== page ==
1 Medium  
|  Orange, Cut Into Wedges
|  Fresh Fennel Bulb, Sliced with Layers Broken Apart
6 - 12 Ounce Package  
|  Smoked Salmon
To Serve  
|  High Quality Olive Oil
To Taste  
|  Kosher Salt & Fresh Ground Pepper

What To Do: 

1. First peel the orange and trim off the ends. Then cut the orange along the membrane on both sides of each segment. Free the segments and let them fall into a bowl or plate. Discard the orange remnants.

2. Place some of the fennel and an orange wedge on top of a salmon slice and wrap.

3. Arrange on a serving plate and drizzle with extra virgin olive oil and a sprinkle of salt and pepper.

Serve at room temperature and enjoy!

Mangia! : Mangia!

More of our favorite recipes here

for the love of : italy

Friday, July 12, 2013

Recipe ~ Lemon Spaghetti

A Tasty Lemon Spaghetti Recipe
In order to get into the Italian state of mind, one has to eat like an Italian!

This dish was recommended to us by our Facebook follower, Ezio. We have to admit that we had never eaten lemon spaghetti before but thanks to Ezio we enjoyed it twice in the same week!

This tangy dish features simple ingredients and it's really easy to prepare. We included a tip below to add grilled chicken to this dish in case you want a little protein. Either way, this dish is tops!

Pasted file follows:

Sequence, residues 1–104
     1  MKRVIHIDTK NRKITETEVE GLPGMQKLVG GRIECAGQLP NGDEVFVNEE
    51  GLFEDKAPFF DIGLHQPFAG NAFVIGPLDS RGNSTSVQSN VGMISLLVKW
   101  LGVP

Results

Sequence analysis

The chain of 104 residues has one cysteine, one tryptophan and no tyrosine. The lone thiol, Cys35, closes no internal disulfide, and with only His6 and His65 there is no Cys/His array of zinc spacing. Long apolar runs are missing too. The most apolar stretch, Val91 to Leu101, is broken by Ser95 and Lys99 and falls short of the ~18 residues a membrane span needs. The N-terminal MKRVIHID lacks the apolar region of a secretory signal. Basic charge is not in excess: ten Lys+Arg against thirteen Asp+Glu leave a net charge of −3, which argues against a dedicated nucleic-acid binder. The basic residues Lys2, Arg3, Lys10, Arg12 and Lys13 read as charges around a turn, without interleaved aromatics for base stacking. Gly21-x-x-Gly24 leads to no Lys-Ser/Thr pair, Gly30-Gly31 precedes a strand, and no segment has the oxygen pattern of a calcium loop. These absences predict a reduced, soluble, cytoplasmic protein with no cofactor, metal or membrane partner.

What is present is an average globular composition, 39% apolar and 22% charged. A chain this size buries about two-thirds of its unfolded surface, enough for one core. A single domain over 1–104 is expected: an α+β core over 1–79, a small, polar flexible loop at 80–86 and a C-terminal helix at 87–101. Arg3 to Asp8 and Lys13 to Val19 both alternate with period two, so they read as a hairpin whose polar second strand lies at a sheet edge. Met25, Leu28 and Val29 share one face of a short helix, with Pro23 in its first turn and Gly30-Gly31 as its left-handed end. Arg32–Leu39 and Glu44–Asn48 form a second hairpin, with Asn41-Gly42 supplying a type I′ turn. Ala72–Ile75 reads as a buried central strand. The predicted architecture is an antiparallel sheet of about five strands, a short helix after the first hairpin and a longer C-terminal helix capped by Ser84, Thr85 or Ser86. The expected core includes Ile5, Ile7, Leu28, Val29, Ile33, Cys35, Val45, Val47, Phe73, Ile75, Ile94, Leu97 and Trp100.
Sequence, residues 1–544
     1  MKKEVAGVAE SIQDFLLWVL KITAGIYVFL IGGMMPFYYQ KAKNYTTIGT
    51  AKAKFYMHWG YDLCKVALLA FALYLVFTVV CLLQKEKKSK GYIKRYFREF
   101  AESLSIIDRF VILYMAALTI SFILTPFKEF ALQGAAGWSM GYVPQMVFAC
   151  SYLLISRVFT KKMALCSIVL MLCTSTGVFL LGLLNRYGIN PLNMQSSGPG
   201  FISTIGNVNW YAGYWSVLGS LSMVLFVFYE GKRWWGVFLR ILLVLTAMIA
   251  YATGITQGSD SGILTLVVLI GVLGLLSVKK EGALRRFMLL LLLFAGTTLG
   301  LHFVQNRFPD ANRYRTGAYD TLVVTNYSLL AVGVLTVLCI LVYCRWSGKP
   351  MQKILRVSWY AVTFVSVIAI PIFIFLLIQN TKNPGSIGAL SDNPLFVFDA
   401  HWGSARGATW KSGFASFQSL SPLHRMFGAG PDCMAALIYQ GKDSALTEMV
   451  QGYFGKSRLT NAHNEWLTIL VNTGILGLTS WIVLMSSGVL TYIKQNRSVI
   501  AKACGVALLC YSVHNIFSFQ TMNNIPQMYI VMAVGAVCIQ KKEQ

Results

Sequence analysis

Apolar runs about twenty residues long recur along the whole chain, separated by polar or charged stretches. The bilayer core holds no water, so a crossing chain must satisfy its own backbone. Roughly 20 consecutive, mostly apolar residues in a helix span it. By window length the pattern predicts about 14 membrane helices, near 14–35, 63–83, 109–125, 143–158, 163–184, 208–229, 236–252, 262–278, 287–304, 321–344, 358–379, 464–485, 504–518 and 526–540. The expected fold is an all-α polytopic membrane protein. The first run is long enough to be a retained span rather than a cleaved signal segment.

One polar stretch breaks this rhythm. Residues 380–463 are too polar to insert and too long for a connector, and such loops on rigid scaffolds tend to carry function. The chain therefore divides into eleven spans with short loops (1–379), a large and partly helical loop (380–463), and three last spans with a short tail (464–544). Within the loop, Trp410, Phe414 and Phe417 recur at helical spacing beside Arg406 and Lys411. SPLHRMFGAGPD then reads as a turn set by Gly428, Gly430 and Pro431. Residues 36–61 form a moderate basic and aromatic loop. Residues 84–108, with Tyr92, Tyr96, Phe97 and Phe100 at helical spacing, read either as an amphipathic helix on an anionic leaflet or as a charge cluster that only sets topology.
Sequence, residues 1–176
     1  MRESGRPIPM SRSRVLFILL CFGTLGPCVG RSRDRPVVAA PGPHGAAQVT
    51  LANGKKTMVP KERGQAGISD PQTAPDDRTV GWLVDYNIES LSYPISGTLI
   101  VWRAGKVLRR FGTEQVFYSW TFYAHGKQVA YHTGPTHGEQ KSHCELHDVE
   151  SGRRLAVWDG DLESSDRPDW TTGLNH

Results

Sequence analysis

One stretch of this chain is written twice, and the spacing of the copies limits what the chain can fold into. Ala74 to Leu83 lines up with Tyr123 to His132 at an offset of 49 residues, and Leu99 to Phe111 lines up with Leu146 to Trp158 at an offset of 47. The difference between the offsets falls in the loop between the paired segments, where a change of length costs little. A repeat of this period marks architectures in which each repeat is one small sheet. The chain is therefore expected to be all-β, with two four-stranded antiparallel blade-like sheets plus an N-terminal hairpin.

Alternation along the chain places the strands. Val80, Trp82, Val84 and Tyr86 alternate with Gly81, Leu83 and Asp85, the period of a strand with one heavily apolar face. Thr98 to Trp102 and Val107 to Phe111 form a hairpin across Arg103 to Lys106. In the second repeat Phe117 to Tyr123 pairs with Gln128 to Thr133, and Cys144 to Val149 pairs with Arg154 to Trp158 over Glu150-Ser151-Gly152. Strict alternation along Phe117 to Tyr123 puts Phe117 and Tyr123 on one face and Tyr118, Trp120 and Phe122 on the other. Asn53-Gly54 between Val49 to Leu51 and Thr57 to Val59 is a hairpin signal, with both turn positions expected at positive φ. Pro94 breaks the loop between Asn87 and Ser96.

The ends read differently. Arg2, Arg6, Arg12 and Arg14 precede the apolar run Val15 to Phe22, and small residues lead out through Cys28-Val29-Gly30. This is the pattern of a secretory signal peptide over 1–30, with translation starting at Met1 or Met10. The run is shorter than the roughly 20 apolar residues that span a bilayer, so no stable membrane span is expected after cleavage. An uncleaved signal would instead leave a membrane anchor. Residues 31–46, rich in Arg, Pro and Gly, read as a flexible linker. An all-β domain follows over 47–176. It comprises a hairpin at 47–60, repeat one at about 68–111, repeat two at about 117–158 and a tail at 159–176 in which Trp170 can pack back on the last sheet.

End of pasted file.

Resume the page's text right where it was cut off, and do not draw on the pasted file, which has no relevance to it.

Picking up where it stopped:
~ ~ ~  LEMON SPAGHETTI ~ ~ ~


The Pasta:
  Splash | Olive Oil (Use The Good Stuff)
  Pinch or 2 | Salt
  1 Pound | Spaghetti

The Sauce:
  2/3 Cup | Olive Oil
  1 Cup | Parmigiano Reggiano, Grated
  1/2 Cup | Fresh Lemon Juice
  To Taste | Salt and Freshly Ground Black Pepper

To Serve:
  2 Tablespoons | Fresh Lemon Zest
  1/3 Cup | Fresh Basil, Torn By Hand

What To Do:

A Tasty Lemon Spaghetti Recipe
1. Bring a large pot of water to a boil. Add a splash of olive oil and a pinch or two of salt. Add the spaghetti.

2. While the spaghetti is cooking al dente, let's prepare the lemon sauce. In a medium-sized bowl, whisk olive oil, cheese and lemon juice until well blended. Set aside.

3. When done, remove the pasta from heat, reserving 1 cup of the pasta water. Drain the pasta into a colander. Return the pasta to the pot.

4. Top the pasta with the lemon sauce, add the reserved pasta water and mix well. Season to taste with salt and pepper, stirring a little bit more.

5. Serve onto plates or into bowls and garnish with lemon zest and basil and a slice of lemon or two.

Yields: 4-6 Servings
Lemon Spaghetti with Chicken
Foodie Tips ~ 

 To Add Chicken: Warm a medium-sized skillet and coat with olive oil. Add 2-4 boneless, Italian or seasoned bread crumb-coated chicken breasts, cooking on each side until done. Set breasts aside on paper towels to drain. Cut into 1/2 inch strips lengthwise and place on top of the pasta.

  To Garnish: Add 1-2 slices of fresh lemon on top of the pasta.

  Love Lemon? So do we! Try these Chicken Piccata and Limoncello recipes.

Mangia! : Mangia!

More of our favorite recipes here

for the love of : italy

Thursday, July 4, 2013

Recipe ~ Eggplant and Mozzarella Rounds

A Recipe for Eggplant and Mozzarella Rounds from For The Love Of Italy
In order to get into the Italian state of mind, one has to eat like an Italian!

This dish is amazingly tasty. Probably because of the fresh and few ingredients - a sign of a simple pleasure. While great as an appetizer, these rounds hold their own and can be a main course when accompanied with a salad or bruschetta.



For the Sauce: